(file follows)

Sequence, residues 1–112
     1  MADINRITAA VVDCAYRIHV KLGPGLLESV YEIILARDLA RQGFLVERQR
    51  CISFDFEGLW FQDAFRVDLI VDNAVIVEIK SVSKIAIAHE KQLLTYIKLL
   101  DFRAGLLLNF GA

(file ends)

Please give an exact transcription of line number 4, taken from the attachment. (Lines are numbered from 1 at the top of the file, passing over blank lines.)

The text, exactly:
   101  DFRAGLLLNF GA